Sunday, December 6, 2015
Bogie Watch: To Have and Have Not (1945)
Based on an Ernest Hemingway novel, To Have and Have Not (1945) stars Bogart and Bacall as two folks avoiding the war who stumble across one another on the French-Caribbean island of Martinique. As near as I can tell from a quick glance at Wikipedia, in the 8 years or so from the book's publication and WWII led to the adaptation undergoing some significant alterations, changing up quite a bit, including Nazi-sympathizing Frenchmen, and basically - WWII in general. I haven't read the book yet (actually getting through most of Hemingway's novels is a bucket list item for me, but I get so easily distracted), so I'll have to trust the internets.
The movie takes place on the French island of Martinique, a place in a precarious position as Germany has taken over France, and the influence is felt even this close to the United States. Bogart plays a captain of a small fishing vessel who has successfully avoided participation in the war and is mostly interested in getting by and saving his own skin. Bacall plays a pickpocket and hustler who has landed on the island with no money and no prospects except for grabbing the wallet of Bogart's latest client who owes him nearly $1000 (and who planned to skip without paying). He's also being asked to help out some French Resistance locals, but doesn't want to get involved, but when the German-controlled authorities get into a shootout with the resistance, Bogart's customer dies in the crossfire before he can pay and the local police Captain seizes what money Bogart does have.
Bogart's best bet is to make some money assisting the resistance while also wooing Bacall and keeping his alcoholic best pal in check.
It's an odd movie, and I'm unsure why the studio decided it needed to push the story through at the time it did. I have no idea how fans of the book would feel about the movie with the drastic changes I picked up on, but the movie itself only ever feels like it half-works, in my opinion. It's trying to be an echo of Casablanca (1942), with a world weary and decidedly neutral Bogart getting caught up in the war despite his better efforts to avoid it - a conscience seeping out from under the hard exterior. But there's no conflicted romance, and Bacall - despite some great dialog and her general Bacall-ness, doesn't get any particularly good stuff to sink her teeth into (see: Key Largo or Dark Passage). We do get the odd treat of seeing her sing, which is not something I think of her doing.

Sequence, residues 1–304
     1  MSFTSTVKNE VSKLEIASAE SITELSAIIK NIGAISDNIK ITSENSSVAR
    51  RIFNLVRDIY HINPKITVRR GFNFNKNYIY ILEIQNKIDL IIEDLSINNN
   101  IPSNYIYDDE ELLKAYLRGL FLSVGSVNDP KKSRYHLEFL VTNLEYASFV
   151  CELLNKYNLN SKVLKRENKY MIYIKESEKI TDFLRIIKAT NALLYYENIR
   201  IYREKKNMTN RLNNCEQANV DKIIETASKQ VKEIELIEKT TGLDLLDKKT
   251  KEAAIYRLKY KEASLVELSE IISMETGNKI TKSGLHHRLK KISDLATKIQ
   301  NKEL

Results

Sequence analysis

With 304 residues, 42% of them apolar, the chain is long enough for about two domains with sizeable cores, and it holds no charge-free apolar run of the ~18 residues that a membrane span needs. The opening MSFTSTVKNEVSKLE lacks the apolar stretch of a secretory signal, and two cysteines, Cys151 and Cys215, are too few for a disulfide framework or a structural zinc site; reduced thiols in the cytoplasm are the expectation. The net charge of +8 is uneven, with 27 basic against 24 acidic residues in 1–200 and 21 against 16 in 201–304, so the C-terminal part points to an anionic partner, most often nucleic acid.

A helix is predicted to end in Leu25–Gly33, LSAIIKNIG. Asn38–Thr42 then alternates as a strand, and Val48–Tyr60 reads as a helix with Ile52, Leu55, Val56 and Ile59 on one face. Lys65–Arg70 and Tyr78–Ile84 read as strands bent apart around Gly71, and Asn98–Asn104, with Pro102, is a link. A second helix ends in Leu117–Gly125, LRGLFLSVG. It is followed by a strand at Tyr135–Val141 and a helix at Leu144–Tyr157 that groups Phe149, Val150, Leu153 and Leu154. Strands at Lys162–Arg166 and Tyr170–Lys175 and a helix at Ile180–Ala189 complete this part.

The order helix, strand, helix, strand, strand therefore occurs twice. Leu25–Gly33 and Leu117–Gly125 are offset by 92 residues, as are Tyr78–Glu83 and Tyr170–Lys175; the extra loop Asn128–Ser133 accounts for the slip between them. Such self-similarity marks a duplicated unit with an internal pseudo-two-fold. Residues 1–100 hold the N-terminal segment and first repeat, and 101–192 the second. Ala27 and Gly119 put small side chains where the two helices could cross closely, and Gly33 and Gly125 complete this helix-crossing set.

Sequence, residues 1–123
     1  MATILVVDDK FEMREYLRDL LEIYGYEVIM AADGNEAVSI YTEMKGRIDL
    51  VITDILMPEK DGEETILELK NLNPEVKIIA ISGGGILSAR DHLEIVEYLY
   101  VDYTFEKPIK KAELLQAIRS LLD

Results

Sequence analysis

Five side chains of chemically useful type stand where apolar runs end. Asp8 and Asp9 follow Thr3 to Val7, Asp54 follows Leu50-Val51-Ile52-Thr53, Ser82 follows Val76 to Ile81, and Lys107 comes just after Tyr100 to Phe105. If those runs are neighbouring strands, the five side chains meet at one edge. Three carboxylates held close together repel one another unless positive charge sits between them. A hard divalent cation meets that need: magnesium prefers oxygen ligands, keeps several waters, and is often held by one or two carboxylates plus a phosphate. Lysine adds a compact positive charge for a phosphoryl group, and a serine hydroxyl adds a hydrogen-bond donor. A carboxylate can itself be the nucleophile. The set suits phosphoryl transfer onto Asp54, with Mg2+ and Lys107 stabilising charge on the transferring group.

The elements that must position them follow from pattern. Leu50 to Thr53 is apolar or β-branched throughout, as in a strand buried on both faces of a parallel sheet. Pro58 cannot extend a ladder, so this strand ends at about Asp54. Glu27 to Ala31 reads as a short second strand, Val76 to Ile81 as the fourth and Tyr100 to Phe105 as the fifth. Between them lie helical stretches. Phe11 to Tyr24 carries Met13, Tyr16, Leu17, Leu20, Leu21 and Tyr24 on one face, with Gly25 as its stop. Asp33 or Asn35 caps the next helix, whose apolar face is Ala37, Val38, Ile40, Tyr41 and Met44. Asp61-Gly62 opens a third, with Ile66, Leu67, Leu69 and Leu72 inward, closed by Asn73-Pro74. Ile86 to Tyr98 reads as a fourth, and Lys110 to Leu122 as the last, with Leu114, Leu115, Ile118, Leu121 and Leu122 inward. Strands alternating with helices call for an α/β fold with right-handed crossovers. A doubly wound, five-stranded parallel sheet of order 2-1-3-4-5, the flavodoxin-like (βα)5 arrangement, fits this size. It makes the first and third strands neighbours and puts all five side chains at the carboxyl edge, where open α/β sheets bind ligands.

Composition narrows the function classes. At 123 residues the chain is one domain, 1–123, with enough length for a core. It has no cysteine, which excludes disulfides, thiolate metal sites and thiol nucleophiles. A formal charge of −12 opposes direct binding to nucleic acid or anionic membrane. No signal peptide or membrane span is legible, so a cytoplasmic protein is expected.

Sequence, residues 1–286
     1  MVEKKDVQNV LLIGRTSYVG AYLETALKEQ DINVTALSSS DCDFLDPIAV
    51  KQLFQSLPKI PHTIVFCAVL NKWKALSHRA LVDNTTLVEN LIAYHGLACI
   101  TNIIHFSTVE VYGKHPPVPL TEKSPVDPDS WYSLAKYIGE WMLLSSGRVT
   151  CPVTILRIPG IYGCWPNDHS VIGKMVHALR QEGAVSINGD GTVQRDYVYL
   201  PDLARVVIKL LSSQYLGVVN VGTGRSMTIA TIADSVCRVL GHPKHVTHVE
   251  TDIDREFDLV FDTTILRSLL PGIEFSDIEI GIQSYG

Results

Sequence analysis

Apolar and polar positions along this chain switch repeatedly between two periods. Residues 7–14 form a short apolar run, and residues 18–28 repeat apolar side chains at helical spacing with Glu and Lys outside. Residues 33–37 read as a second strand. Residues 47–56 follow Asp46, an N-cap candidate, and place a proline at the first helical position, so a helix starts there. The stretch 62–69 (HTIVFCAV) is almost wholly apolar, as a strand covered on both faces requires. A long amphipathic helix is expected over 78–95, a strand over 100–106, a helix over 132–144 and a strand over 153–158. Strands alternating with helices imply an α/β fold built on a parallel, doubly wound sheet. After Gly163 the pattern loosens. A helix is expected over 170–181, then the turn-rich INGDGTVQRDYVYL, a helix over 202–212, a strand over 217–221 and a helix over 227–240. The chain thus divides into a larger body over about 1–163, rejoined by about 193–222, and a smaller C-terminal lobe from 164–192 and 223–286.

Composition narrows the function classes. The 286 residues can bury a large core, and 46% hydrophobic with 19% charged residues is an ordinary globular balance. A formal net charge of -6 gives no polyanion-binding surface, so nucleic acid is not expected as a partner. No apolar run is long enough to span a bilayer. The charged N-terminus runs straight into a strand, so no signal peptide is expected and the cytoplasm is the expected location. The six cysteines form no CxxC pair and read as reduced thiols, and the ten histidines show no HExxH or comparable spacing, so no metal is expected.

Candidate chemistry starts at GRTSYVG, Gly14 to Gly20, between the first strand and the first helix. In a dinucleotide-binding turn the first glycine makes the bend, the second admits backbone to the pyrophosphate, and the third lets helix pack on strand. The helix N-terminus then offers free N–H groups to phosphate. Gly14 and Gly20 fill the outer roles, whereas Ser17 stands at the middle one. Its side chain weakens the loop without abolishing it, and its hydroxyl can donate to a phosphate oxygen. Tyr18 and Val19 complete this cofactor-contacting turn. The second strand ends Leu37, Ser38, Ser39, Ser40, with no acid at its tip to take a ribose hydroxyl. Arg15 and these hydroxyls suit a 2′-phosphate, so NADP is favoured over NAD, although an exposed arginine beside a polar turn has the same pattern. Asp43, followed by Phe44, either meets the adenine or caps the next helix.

There are other characters, including the hotel owner, Bogart's drunken pal and a pair of French underground resistance-types. But no one overly memorable. No great character work. This is the first movie I've seen where I paid attention to Hoagy Carmichael who plays the piano player in the film - and now that I know Fleming intended for Bond to look like Carmichael, it's kind of fascinating to wonder what Fleming saw there.
All in all, it's a nice, taught thriller. Maybe not my new favorite movie, but I'd watch it again. I'm not lumping it under noir though I've seen some do so. I just don't think it particularly fits the mold for how I think of the genre.
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Next up watch "The Breaking Point" with John Garfeild. A truly dark film noir based on the same book.
Wow, I'd totally forgotten about "Breaking Point". I did see part of it, but it was a while back, but I can't say I remember it all that well. I think I have it mixed up in my head with another Garfield picture or two, so I need to re-watch to untangle it.
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